Chlorhexidine has been used in more than 60 different pharmaceuticals and medical devices. Its wide application is due to its broad-spectrum efficacy, safety-profile and substantivity on the skin with low irritation. It has been found to possess a high level of antimicrobial activity and strong affinity for binding to skin and mucous membranes. At product-dependent concentrations, chlorhexidine is widely used as a disinfectant in a range of healthcare products, including topical skin disinfectants, wound and burn care products, oral care products, hand washing solutions, urology catheter lubricants, central venous catheters and needleless IV connectors.
    http://chlorhexidinefacts.com/consumer-information.html
  • VertigoVertigo Senior Member Yankeetown, FLPosts: 617 Officer
    I'm afraid to jump in here because of all the professional knowledge being tossed around, but I must ask:

    Is this Walgreens off-the-shelf chlorhexidine what we're talking about? If so, why would it still be under FDA review? The ad says it's for "skin wound & general cleansing."

    http://www.walgreens.com/store/c/walgreens-antiseptic-skin-cleanser/ID=prod6051051-product
  • SaltygatorvetSaltygatorvet Senior Member TallahasseePosts: 5,807 Admiral
    Vertigo wrote: »
    I'm afraid to jump in here because of all the professional knowledge being tossed around, but I must ask:

    Is this Walgreens off-the-shelf chlorhexidine what we're talking about? If so, why would it still be under FDA review? The ad says it's for "skin wound & general cleansing."

    http://www.walgreens.com/store/c/walgreens-antiseptic-skin-cleanser/ID=prod6051051-product

    That's the stuff. 4% is pretty strong
    You should have been here yesterday
  • BillyBilly Senior Member Posts: 2,773 Captain
    I don't even know if chlorhex is available otc anyway) so for the purpose of this discussion, it's irrelevant.

    As Vertigo posted it is available OTC and can be bought in different sizes from Amazon.

    My daughter's response was she knows of no cases at St Joe in the last few years but she said in reference to sterilizing "Although, we use the chlorhexadine more than anything else in the hospital setting." She was referring to sterilization and not for wound treatments.

    Like Doc stated it hasn't been approved for wounds but that doesn't mean it doesn't work.

    Bill
    "And the ocean is howling for the things that might have been..."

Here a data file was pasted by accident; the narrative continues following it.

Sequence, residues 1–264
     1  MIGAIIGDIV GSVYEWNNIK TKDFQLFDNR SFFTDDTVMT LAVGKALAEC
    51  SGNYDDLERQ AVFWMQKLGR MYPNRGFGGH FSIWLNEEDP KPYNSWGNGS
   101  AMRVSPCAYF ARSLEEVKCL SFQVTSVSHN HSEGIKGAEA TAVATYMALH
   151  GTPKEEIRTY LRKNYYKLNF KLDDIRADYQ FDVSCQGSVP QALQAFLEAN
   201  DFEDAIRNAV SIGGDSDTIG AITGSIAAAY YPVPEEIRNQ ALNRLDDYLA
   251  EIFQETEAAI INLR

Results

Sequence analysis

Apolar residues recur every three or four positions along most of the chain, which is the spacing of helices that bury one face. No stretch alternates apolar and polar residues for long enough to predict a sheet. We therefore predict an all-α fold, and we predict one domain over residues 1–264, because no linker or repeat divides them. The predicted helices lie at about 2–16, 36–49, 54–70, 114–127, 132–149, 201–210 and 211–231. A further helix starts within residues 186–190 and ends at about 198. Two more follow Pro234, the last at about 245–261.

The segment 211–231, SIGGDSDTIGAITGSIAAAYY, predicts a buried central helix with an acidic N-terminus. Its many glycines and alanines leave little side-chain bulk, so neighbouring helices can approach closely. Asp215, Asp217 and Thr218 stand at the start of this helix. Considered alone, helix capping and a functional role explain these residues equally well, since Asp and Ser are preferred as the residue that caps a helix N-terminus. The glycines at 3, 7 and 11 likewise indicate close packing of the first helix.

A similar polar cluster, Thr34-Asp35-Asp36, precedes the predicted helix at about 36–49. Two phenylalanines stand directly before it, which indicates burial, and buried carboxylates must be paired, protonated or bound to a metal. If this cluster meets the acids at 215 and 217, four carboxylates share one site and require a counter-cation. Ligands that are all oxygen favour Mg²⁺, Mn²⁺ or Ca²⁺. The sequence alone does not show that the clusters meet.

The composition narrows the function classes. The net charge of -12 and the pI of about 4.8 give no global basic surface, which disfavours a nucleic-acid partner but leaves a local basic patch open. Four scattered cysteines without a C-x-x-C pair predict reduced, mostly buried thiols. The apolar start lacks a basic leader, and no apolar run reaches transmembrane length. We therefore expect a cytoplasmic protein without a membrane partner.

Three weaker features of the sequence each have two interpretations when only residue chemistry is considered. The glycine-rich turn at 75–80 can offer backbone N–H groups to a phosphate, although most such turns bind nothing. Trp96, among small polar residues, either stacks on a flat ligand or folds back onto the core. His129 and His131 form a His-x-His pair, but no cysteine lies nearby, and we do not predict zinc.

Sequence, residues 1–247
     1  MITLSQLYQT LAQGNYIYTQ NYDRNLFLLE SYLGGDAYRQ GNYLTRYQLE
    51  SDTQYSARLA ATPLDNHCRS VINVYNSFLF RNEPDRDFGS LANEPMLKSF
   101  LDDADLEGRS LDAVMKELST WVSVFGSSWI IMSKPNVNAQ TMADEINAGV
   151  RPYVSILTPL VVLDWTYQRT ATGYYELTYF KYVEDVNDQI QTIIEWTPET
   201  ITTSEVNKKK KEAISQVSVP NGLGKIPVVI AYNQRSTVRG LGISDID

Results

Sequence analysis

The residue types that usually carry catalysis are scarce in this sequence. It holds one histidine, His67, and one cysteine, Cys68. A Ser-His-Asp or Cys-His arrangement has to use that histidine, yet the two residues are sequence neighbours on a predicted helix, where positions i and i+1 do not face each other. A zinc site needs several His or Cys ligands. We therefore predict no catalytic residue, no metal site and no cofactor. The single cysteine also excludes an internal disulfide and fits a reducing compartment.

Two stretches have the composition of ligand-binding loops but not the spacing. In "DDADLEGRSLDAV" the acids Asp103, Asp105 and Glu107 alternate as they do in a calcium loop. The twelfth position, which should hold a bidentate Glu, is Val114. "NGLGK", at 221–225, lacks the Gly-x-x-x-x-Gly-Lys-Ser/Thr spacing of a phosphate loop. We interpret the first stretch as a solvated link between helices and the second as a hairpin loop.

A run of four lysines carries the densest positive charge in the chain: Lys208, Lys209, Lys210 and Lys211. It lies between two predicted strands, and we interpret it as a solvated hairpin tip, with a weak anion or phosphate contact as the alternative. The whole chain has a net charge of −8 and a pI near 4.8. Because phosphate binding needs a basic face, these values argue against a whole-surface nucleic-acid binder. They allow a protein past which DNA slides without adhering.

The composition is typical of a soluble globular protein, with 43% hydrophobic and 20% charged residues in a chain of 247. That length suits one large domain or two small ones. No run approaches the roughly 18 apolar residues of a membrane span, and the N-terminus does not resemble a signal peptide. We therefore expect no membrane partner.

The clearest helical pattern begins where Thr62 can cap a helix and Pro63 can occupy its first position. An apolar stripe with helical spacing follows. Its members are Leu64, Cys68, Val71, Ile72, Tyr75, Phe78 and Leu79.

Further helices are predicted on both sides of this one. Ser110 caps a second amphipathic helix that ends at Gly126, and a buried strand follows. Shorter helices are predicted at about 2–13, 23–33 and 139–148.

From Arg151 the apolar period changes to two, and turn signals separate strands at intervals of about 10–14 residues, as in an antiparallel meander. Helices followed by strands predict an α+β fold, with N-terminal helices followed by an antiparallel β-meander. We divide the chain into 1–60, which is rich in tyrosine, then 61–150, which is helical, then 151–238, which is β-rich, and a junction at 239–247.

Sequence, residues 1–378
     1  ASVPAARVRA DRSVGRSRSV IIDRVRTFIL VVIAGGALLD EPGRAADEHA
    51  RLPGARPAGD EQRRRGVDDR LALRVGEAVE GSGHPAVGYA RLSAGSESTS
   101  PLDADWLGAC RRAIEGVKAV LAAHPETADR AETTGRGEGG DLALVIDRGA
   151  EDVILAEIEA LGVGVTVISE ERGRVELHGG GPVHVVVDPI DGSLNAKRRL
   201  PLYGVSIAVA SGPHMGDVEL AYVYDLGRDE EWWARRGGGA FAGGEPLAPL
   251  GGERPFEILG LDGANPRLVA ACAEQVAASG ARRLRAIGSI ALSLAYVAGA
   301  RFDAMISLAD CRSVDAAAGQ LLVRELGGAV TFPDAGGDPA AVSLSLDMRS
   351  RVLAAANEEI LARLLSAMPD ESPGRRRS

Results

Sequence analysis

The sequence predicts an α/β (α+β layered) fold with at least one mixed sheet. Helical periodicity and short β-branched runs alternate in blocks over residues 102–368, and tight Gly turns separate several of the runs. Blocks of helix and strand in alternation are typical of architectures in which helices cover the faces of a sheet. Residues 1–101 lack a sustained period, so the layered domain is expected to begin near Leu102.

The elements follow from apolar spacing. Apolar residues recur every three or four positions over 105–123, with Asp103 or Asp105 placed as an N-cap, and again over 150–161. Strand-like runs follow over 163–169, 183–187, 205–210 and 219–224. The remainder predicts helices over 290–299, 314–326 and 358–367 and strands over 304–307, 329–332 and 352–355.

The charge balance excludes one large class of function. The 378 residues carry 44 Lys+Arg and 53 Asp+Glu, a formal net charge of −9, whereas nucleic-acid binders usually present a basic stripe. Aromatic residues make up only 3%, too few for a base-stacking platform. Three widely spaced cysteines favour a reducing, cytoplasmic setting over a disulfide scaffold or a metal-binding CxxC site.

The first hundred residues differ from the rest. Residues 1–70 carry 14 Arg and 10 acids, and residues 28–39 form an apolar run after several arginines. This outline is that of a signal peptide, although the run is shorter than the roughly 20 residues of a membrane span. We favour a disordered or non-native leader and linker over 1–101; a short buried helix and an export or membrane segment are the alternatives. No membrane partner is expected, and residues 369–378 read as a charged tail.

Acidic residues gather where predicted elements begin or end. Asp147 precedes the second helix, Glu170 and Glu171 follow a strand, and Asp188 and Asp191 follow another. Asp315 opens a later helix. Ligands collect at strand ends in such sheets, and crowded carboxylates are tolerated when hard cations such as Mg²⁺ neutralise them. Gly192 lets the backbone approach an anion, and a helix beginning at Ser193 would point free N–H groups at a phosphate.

• Luv2YakLuv2Yak Banned Alachua CountyPosts: 944 Officer
    Various formulations/products containing chlorhexidine used in veterinary medicine:

    Nolvasan Skin and Wound Cleanser
    Nolvasan Solution
    Nolvasan-S
    Nolvasan Surgical Scrub
    Nolvasan Shampoo
    Nolvasan Oral Cleansing Solution
    Nolvasan Antiseptic Ointment
    Nolvasan Otic
    Nolvasan Suspension

    https://www.zoetisus.com/search-results.aspx?q=Nolvasan&page=0
    - - - - - - - - - - - - - - - - - - - - - - - - - - - - - - - - - - - - - - - - - - - - - - - - - - - - - - - - - - - - - - -
    Effects of Chlorhexidine Diacetate and Povidone-lodine on Wound Healing in Dogs

    Veterinary Surgery
    Volume 17, Issue 6, pages 291–295, November 1988

    To correlate the results of an in vitro study with clinical response, the effects of 0.005 and 0.05% chlorhexidine diacetate and 0.1 and 1.0% povidone-iodine concentrations on wound healing were evaluated in five beagle dogs. Full-thickness skin wounds (2 × 2 cm) were irrigated once daily for 14 days with the antiseptic solutions or physiologic-buffered saline. Chlorhexidine diacetate 0.05% had significantly more bactericidal activity than povidone-iodine and saline, and both chlorhexidine diacetate concentrations had residual effects 6 hours after irrigation. Neither povidone-iodine nor saline had significant bactericidal activity. The percentages of unhealed wound area and wound contraction were calculated 7, 14, and 21 days after wounding. Healed wound area and contraction were similar in wounds treated with chlorhexidine diacetate and povidone-iodine. However, wounds treated with chlorhexidine diacetate had more healed wound area on days 7 and 14 and more contraction on days 7, 14, and 21 than saline-treated wounds. At the concentrations tested, chlorhexidine diacetate irrigations provided bactericidal activity and were more beneficial to wound healing than irrigations with saline alone. These results suggest that concentrations of chlorhexidine diacetate which are cytotoxic to tissue culture fibroblasts in vitro do not interfere with wound healing in vivo.

    http://onlinelibrary.wiley.com/doi/10.1111/j.1532-950X.1988.tb01019.x/abstract
  • Doc StressorDoc Stressor Senior Member Homosassa, FLPosts: 2,784 Captain
    Moon, hydrogen peroxide is very stable in an unopened dark plastic bottle. It is buffered to be slightly acidic and contains additives that increase stability and the decay rate is to the order of 1% per year. However, once a bottle is opened the stability is reduced. The concern with keeping it on the boat is that high temperature increases the rate of break down. Studies have found that for every 10 degrees over 68 degrees, the decay rate increases 1.5 fold. So it's best not to keep an open bottle of peroxide on the boat.

    Mario, it's best to drink the whiskey and use a recommended antiseptic for treating wounds. Alcohol kills bacteria by denaturing proteins and at high concentrations disrupting cell membranes. The efficacy as a disinfectant is greatest around 70% alcohol, which is 140 proof booze. Hand sanitizers typically contain about 40-60% (80-120 proof) alcohol. While this concentration is fine for surface sterilization of the skin, it doesn't work as well in a wet wound environment. It takes 10-15 seconds if exposure to high concentrations of alcohol to kill bacteria and alcohol is rapidly diluted by body fluids inside of a wound. If all you have on board is booze, it's probably better to use it to clean out a wound rather than to leave it untreated. But I don't know if I'd want anybody pouring that cheap Captain Morgan most people seem to drink around here into my wound. ;)